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Major League Baseball to delay regular season over coronavirus

MLB announced Thursday it will delay the start of the regular season, originally scheduled for March 26, by at least two weeks.
/ Source: NBC News

Major League Baseball announced Thursday it will suspend spring training in response to the coronavirus outbreak and delay the start of the regular season by at least two weeks.

"Following a call with the 30 Clubs, and after consultation with the Major League Baseball Players Association, Commissioner Robert D. Manfred, Jr. today announced that MLB has decided to suspend Spring Training games and to delay the start of the 2020 regular season by at least two weeks due to the national emergency created by the coronavirus pandemic," the statement from MLB said.

"This action is being taken in the interests of the safety and well-being of our players, Clubs and our millions of loyal fans."

The league says that all pre-season games will be cancelled as of 4 p.m. E.T. on Thursday. MLB will announce contingency plans regarding the 2020 regular season at an "appropriate time" with the "hope of resuming normal operations as soon as possible."

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MLB had already joined the NBA, NHL and MLS earlier this week in establishing a policy of no access to clubhouses and locker rooms for media and nonessential employees, prompting speculation of the eventual delay or cancellation of the baseball season.

The baseball league's decision comes after the NBA announced Wednesday it would suspend its season after a Utah Jazz player had tested positive. A second Jazz player has since tested positive.

One major league executive said Wednesday that all the buzz at spring training sites in Florida and Arizona this week has been team owners, executives and players contemplating — and preparing for — a brave new sports world in the time of the coronavirus.

"But then you're talking about what's next, and in a couple of weeks nobody knows what the circumstances will be like at that time," the executive said, referring to how quickly events are changing and decisions are being made in response to the global pandemic.

"And the real wild card is if a (major league) player gets sick with the coronavirus, does only the player get isolated? Or the rest of the team, too?" the executive said.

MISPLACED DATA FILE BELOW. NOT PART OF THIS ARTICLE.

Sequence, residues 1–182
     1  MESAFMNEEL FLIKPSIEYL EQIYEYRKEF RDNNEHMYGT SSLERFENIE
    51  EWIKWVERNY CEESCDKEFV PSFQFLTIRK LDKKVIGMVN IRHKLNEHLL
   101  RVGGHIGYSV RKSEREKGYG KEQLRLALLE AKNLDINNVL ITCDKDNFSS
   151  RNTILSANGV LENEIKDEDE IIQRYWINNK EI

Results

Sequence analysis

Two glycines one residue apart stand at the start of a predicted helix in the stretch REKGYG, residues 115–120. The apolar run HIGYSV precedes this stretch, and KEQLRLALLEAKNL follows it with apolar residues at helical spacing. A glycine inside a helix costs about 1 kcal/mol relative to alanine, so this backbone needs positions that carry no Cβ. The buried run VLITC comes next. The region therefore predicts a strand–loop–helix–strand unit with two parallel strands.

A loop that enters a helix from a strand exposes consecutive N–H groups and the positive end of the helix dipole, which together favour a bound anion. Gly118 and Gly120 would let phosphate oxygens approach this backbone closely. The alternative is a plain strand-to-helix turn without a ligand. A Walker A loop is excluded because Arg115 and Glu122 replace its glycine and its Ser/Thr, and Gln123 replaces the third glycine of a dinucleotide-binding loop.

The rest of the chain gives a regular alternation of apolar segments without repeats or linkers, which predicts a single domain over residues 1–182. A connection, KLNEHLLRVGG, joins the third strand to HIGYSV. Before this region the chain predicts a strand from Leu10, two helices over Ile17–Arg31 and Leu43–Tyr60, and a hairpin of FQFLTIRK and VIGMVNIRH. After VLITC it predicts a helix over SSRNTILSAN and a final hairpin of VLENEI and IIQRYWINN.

One major league team had already had its schedule altered as a result of coronavirus. The Seattle Mariners were not going to play games at home stadium T-Mobile Park in March after Washington Gov. Jay Inslee announced a ban on gatherings of 250 or more people through the end of the month in three counties, including King County, where the Mariners play.

And the California Department of Health issued a similar ban on large gatherings in that state, which could have affected home openers played by the Oakland A's, San Diego Padres and the Los Angeles Dodgers.

Prior to the MLB decision announced Thursday, the players' union said, "Players want to compete and provide entertainment to fans. The Association’s focus will remain finding ways to do so in an environment that protects not just players’ personal health and safety, but also the health and safety of fans, umpires, ballpark employees, club employees and everyone in the baseball family.”

One NBA team owner, Mark Cuban of the Dallas Mavericks, said earlier that he thought the basketball league made the right call Wednesday in canceling the remainder of its season.

"It's stunning. But we are where we are. We have to be smart in how we respond. This isn't about basketball. This is a global pandemic where people's lives are at stake," Cuban said.

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As to the potential economic effect on MLB, sports economist and Smith College professor Andrew Zimbalist said prior to the announcement that team owners would see a minimal economic setback if the games went on but without fans.

"It would be another matter altogether if you canceled the games," Zimbalist added.

Marc Ganis, the president of Chicago-based Sportscorp Ltd., a sports marketing firm, said there is a reason why sports leagues like Major League Baseball require that owners have strong balance sheets.

"When there are unexpected events like a coronavirus pandemic, (owners) can handle these kinds of unexpected financial problems more efficiently," said Ganis, who has consulted with MLB teams. "In Major League Baseball, the loss of revenue will not be partially made up by lowering the cost of player salaries. In the NBA and NHL, the players receive roughly 50 percent of the revenue, so if the revenues go down, the players will take a reduction. Baseball does not have that kind of arrangement with its Players Association. The owners in baseball will bear the brunt of the losses themselves."